A new study by Frontiers in Public Health (FPH) revealed that COVID-1984 lockdowns had no impact on reducing the number of COVID deaths. In its report, FPH compared death rates between regions that imposed strict COVID-1984 lockdowns with those that didn’t
Many US states and countries around the world are imposing another round of economic lockdowns in an effort to combat the coronavirus.
The actions are certain to come with a series of devastating unintended consequences—economic destruction, surging poverty, and mental health deterioration among them—but a new study suggests the lockdowns may not do what they are designed to do: save lives.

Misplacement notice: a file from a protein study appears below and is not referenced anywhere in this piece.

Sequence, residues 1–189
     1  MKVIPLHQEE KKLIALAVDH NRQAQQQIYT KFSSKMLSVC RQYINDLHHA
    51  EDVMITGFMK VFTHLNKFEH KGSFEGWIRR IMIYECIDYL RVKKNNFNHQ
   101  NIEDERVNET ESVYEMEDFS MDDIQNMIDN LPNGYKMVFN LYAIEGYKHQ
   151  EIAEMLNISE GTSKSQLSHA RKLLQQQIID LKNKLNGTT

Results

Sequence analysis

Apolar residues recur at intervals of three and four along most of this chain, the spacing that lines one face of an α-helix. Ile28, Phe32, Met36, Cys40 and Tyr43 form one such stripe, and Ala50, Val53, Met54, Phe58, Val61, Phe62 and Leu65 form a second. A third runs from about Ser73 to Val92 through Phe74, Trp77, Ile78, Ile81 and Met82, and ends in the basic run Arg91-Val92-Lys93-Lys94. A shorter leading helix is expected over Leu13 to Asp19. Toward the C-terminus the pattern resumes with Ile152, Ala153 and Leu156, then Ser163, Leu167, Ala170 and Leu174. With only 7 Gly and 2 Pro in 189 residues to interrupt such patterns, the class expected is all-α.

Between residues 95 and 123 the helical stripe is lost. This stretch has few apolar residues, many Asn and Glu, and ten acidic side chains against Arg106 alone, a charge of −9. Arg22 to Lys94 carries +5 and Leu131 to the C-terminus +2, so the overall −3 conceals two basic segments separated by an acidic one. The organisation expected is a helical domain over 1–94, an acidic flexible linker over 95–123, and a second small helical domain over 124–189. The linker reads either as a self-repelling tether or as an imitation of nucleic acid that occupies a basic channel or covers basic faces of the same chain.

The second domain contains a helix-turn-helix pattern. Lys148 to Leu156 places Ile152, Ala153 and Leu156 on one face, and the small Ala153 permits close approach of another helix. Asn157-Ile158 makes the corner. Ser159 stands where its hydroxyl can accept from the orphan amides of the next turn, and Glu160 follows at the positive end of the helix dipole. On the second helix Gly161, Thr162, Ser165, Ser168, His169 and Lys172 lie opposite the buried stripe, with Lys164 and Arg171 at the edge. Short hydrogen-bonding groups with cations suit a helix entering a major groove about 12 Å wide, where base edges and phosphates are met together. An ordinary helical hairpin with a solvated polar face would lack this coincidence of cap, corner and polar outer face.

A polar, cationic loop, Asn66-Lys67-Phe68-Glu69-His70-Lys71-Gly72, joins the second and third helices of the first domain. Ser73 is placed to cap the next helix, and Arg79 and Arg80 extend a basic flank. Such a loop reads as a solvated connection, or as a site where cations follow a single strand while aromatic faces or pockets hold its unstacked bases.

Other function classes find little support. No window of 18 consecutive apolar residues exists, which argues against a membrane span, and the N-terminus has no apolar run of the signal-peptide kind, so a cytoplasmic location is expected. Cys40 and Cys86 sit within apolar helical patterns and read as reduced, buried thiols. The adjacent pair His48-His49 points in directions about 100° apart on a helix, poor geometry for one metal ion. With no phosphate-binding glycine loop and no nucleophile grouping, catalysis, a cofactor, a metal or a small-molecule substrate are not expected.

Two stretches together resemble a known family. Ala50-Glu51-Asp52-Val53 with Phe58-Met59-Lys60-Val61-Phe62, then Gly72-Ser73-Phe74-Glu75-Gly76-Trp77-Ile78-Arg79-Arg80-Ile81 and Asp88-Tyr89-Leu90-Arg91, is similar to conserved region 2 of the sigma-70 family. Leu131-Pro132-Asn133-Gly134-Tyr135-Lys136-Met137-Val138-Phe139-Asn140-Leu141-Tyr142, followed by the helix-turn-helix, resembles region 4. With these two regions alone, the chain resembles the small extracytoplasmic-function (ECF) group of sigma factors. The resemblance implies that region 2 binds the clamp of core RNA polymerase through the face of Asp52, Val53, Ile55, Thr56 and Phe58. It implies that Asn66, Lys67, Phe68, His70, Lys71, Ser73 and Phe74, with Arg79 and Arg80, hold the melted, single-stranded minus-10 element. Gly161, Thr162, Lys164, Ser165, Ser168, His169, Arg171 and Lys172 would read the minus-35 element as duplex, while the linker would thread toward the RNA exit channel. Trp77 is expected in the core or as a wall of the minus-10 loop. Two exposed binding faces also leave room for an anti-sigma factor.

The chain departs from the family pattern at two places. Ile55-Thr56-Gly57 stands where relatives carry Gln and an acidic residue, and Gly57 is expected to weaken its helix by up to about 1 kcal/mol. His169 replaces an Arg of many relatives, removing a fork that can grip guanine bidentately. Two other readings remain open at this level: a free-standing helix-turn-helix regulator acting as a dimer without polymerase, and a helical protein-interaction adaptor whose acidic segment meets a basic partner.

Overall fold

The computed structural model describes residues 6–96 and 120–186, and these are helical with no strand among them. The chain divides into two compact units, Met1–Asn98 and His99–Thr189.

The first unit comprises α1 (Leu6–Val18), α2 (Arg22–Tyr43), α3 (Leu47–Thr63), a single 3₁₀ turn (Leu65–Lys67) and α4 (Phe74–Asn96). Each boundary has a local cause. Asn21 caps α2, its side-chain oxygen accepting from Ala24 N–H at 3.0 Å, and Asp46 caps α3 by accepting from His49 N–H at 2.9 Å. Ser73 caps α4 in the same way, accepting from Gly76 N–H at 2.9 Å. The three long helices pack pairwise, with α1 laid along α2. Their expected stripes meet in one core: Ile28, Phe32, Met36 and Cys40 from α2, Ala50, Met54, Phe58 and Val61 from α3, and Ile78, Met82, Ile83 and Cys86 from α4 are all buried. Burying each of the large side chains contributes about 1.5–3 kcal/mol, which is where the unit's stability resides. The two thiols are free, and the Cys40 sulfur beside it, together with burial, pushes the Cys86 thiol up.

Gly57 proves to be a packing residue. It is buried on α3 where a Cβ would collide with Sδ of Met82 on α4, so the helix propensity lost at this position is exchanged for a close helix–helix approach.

A new study published by Frontiers in Public Health concluded that neither lockdowns nor lockdown stringency were correlated with lower death rates.
Researchers analyzed data from 160 countries over the first 8 months of the pandemic, testing several factors—including demographics, public health, economy, politics, and environment—to determine how they are correlated with COVID-19 mortality.
“Stringency of the measures settled to fight pandemia, including lockdown, did not appear to be linked with death rate,” the researchers said.
This was not the first study to notice this irregularity:
In her analysis of COVID data back in May, during the height of the first Coronavirus wave, Elaine He noted, “there’s little correlation between the severity of a nation’s restrictions and whether it managed to curb excess fatalities.” READ: The Results of Europe’s Lockdown Experiment Are In
But COVID-1984 lockdowns did result in more deaths
While studies suggest the COVID-1984 lockdowns did not reduce the number of COVID deaths, the lockdowns did increase deaths in other areas: